Updated: May 13, 2021
As a genealogist, I’m always curious about the background of Bravolebrities. What paths did they and their families take that ultimately led them to reality TV? So, I decided to do something about it and begin researching our favorite Bravo stars. Choosing the first show to focus on was easy because genealogy and Southern Charm fit together naturally. But who first?
Lots of information already existed online about many of the Southern Charm stars. Kathryn Dennis’s grandfather was long-time South Carolina State Senator Rembert C. Dennis, and she is a direct descendent of 7th Vice-President John C. Calhoun; Shep Rose is a member of the Boykin family that founded an SC community and bred the state dog, the Boykin spaniel, as well as had a great-aunt who was the basis of a The Great Gatsby character; and of course, Thomas Ravenel’s father, Arthur Ravenel Jr., served in the South Carolina Senate and the U.S. House of Representatives and has an iconic bridge named after him.
But what about our other cast favorites? After much thought, it only seemed right that I research the ancestry of our favorite lawyer and seamster, Craig Conover.
Craig Conover, star of Southern Charm. (Photo: YouTube.com)
What We Know
Little information on Craig’s family was readily available online, but a Google search provided a good starting point. Born on February 9, 1989, Craig is the son of Craig Sr. and Martha “Marty” (Foster) Conover from Fenwick Island, Delaware. He also has a brother named Christopher. Using this information, I was able to find documents and build a tree for several lines of his family, some well into the 17th century and even further. Here are some highlights.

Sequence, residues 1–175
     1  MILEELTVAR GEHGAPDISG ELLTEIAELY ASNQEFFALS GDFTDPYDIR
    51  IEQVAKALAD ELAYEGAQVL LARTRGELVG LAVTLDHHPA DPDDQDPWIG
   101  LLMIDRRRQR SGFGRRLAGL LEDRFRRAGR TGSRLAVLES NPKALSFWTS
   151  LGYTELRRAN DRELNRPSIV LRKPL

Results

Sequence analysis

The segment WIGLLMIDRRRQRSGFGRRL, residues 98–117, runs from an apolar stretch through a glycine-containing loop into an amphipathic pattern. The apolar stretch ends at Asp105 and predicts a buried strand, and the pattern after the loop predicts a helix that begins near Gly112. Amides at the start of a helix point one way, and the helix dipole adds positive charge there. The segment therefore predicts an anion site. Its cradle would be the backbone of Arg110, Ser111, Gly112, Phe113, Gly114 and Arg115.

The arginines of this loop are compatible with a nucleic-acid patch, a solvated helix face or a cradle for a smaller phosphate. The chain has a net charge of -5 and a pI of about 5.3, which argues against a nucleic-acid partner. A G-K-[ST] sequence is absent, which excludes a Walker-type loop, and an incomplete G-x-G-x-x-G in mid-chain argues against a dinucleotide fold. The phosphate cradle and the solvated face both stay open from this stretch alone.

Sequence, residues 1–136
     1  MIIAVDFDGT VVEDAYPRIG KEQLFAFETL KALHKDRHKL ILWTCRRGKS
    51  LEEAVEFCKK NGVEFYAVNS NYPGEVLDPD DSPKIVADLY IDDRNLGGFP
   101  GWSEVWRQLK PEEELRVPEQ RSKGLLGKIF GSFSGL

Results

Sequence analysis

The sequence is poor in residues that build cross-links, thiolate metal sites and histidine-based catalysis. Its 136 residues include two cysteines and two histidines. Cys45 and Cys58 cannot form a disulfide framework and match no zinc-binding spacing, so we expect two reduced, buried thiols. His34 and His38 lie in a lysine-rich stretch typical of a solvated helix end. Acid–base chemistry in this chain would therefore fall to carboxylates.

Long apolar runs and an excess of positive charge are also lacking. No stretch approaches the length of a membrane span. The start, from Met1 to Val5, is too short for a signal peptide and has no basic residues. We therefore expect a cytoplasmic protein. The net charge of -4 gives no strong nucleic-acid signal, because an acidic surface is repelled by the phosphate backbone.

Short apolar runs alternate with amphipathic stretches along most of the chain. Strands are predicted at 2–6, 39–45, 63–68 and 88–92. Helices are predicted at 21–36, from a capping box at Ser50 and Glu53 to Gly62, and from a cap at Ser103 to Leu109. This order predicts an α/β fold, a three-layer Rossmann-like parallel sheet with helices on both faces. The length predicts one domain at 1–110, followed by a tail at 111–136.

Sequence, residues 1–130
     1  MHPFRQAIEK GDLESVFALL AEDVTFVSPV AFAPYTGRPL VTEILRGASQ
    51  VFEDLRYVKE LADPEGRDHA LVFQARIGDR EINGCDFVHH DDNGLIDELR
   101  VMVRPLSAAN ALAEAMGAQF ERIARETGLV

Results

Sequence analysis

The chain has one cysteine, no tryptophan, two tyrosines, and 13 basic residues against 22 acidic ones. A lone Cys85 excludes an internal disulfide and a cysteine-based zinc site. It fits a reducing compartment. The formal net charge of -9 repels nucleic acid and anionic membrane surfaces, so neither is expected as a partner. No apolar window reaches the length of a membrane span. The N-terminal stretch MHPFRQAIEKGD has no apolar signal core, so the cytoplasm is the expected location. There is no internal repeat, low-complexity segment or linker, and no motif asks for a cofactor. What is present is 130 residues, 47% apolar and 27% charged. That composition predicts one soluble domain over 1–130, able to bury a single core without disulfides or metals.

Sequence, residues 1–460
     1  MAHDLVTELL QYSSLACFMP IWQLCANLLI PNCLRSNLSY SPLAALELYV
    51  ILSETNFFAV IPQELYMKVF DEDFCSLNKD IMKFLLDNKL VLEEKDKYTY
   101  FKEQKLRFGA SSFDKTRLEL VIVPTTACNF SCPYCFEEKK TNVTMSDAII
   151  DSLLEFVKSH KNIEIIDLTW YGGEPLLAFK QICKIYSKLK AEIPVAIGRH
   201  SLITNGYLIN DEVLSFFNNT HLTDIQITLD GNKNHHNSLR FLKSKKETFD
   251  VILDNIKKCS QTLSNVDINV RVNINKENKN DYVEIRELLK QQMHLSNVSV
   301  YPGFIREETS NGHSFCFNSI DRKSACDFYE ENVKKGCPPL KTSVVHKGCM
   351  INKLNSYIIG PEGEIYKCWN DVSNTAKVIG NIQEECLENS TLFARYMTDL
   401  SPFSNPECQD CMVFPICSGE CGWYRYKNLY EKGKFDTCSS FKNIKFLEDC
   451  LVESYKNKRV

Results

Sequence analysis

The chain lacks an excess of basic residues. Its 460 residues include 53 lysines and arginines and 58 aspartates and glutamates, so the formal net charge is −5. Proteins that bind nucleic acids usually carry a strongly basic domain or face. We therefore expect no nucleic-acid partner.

He has British, Irish, German, and Dutch heritage.
Craig’s ancestors range from those who arrived in the United States during colonial times to German and Irish immigrants arriving in the 19th century. His last name, Conover, has Dutch roots and evolved from van Couwenhoven in the centuries after settling in New Amsterdam (New York City today).
He’s related to Daniel Boone.
That’s right, Daniel Boone, the American frontiersman, happens to be Craig’s 8th great-uncle on his father’s side. Craig’s 7th great-grandmother, Sarah (Boone) Wilcoxen and Daniel shared parents Squire and Sarah (Morgan) Boone.
Record of Quaker meeting where Craig's 7th great-grandmother is censured for marrying outside the faith.
His ancestor was President McKinley’s bodyguard.
Craig’s 2nd great-grandfather was George F. Foster who was a Secret Service agent to 25th President William McKinley and present when he was mortally wounded on September 6, 1901, having just traveled from his daughter's wedding to meet the president in Buffalo.
He has southern roots, likely including Charleston.
Although Craig is seen as the resident “yankee” of the group, he actually has deep roots in the South. Many of Craig’s ancestors lived throughout the region, including Virginia and North Carolina, for hundreds of years.